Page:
Saturday, 14 September 2013

No Foreign Lands

Cricketers may be averse to the National Galleries of Scotland.  Many of them have been dragged round by well-meaning parents or partners.  Some may just have chanced through its portals looking to escape the weather.  Either way they end up disappointed. For while on the walls they can see lots of Madonnas, lots of wooded hillsides, lots of mountain vistas, even a decrepit Spanish crone frying eggs, cricket does not feature in any of this stuff.

Fantasy Bob has established, through long years of meticulous research,  that this is not a specifically Scottish failing.  Even in the National Gallery in London, situated less than 2 miles from Lords or the Oval, cricket based works are absent.

It is nothing short of a national scandal.

Cricketers might not therefore find themselves filled with enthusiasm at the prospect of the National Galleries of Scotland's present exhibition No Foreign Lands.  They should reconsider.

This exhibition features recent work of Peter Doig, born in Scotland but who has spent his life in London Canada and Trinidad.  The paintings on display are drawn from his work since 2000 when he returned to Trinidad.  It is a fine body of work with the heat and steam of the sub tropical environment well depicted in a series of original and arresting compositions.  (FB apologises if he begins to sound like an art critic at this point.  He will put the absinthe aside).

But as they move through the rooms cricketers will suddenly come face to face with 2 mighty canvases depicting a cricket scene.  They may rub their eyes in disbelief.  Cricket in the NGS?  They may pinch themselves.  Are they dreaming?  Have they died an woken in a gallery in Heaven?

But no.  It is so.  There before them are the real thing.  2 huge paintings capturing different moods of the same scene.  A bowler in his follow through; a batter about to step into his stroke; a wicket keeper standing almost transparent in the middle distance.  Astounding work.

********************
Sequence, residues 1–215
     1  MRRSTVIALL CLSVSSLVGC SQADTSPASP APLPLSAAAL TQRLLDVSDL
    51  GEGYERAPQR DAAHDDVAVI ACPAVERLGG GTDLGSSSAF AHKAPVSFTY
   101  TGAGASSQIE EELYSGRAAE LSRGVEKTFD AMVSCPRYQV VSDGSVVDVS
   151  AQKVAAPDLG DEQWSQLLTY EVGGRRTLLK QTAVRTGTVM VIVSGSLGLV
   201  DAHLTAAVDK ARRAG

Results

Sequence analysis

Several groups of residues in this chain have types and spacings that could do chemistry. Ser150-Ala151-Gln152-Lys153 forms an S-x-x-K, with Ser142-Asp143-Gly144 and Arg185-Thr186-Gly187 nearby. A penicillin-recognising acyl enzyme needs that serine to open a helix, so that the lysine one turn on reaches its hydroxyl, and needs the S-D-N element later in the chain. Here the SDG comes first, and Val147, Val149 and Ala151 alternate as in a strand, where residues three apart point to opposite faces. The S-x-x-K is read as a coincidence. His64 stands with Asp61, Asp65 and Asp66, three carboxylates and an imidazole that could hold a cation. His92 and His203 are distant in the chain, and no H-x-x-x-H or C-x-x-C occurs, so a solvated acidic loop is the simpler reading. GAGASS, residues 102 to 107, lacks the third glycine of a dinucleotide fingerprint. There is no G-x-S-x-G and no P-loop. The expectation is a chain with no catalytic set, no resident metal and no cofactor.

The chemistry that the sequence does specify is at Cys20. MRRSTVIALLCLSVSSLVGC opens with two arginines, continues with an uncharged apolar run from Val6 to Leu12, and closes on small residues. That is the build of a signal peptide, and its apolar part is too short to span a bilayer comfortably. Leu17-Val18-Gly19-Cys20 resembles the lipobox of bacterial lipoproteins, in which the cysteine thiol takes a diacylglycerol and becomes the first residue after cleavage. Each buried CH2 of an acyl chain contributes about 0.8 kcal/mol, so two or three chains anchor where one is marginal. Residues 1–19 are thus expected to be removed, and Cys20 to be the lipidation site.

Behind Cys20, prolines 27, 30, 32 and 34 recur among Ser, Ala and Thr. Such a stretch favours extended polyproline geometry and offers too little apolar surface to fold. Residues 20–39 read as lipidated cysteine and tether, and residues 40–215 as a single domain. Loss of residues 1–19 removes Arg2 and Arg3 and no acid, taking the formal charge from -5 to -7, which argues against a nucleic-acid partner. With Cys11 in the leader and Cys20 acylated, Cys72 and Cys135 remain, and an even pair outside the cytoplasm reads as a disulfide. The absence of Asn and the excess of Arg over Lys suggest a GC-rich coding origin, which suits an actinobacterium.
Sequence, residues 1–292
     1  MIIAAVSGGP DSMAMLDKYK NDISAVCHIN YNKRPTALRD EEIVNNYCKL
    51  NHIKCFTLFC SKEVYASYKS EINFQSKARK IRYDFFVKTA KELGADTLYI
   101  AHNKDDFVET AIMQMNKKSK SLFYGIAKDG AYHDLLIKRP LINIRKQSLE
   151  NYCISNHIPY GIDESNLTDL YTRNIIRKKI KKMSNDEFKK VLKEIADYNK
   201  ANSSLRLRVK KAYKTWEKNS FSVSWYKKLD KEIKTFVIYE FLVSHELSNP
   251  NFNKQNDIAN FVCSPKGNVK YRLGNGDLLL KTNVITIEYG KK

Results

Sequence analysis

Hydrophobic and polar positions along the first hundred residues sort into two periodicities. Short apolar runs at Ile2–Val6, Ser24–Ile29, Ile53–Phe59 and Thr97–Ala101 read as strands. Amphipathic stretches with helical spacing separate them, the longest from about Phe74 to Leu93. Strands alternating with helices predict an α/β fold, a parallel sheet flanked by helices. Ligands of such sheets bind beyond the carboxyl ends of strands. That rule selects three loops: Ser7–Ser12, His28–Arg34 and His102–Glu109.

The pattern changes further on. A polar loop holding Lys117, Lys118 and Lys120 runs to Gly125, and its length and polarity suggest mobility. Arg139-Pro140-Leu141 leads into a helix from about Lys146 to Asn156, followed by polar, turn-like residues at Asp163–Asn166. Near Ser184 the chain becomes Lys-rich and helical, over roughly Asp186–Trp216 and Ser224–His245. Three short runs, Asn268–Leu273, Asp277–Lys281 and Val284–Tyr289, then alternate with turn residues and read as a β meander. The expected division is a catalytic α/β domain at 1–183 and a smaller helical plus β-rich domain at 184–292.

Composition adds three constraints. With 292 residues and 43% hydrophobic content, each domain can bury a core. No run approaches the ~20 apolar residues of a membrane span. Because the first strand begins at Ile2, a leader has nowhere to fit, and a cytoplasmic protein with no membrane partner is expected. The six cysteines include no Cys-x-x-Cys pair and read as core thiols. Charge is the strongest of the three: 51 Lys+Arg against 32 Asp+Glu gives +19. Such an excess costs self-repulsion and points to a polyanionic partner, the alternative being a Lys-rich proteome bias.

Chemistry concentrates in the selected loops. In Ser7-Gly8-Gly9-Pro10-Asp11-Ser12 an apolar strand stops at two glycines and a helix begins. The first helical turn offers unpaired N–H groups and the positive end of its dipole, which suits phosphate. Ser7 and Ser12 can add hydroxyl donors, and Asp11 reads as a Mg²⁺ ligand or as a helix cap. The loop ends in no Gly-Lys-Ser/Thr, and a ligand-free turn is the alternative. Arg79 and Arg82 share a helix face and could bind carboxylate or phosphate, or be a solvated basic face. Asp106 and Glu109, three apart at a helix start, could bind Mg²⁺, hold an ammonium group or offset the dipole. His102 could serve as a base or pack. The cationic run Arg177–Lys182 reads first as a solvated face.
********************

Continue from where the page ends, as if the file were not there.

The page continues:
Cricket Painting - Paragrand
The cricketer will wish to dwell on these paintings for some time.   The artist captures real bits of action.  The curve of the bowler's hand having released the ball.  The batsman's left foot lifting in sympathy with his back lift. The coaching manual could not present it better.

Cricket Painting - Paragon
Doughty Groundsmen however may linger even longer.  As a breed Doughty Groundsmen are prone to critical observation and they may loudly wonder what kind of preparation went into the presentation of a wicket that appears completely orange.  They should take care not to disturb other cricketers viewing the work.  Instead of muttering audibly, they may consider writing to the artist to enquire as to his visual acuity. They may invite him to inspect their own wicket and monitor their careful presentation of it to see for himself the true place in the colour spectrum that is held by a cricket wicket.

Doig says he made these works after playing beach cricket in Trinidad.  He may therefore have captured some future Test stars in his painting.

For the list of West Indies greats who started playing such games in Trinidad is long and prestigious.  Here is a Trinidad XI (not in batting order)

Brian Lara - 131 Tests - 11953 runs
Larry Gomes - 60 Tests - 3171 runs
Gus Logie - 52 Tests - 2470 runs
Phil Simmons - 26 Test - 1002 runs
Darren Ganga 48 tests 2160 runs
Derryck Murray 62 Tests - 1993 runs - 189 dismissals
Dwayne Bravo - 40 Tests 2200 runs - 86 wkts
Bernard Julien 24 Tests 866 runs - 50 wkts
Sonny Ramadhin - 43 Tests -158 wkts
Ian Bishop - 43 Tests - 161 wickets
Sunil Narine - 5 Tests - 15 wickets

A team fit for any oil painting, orange wicket or not.

Trinidad's greatest

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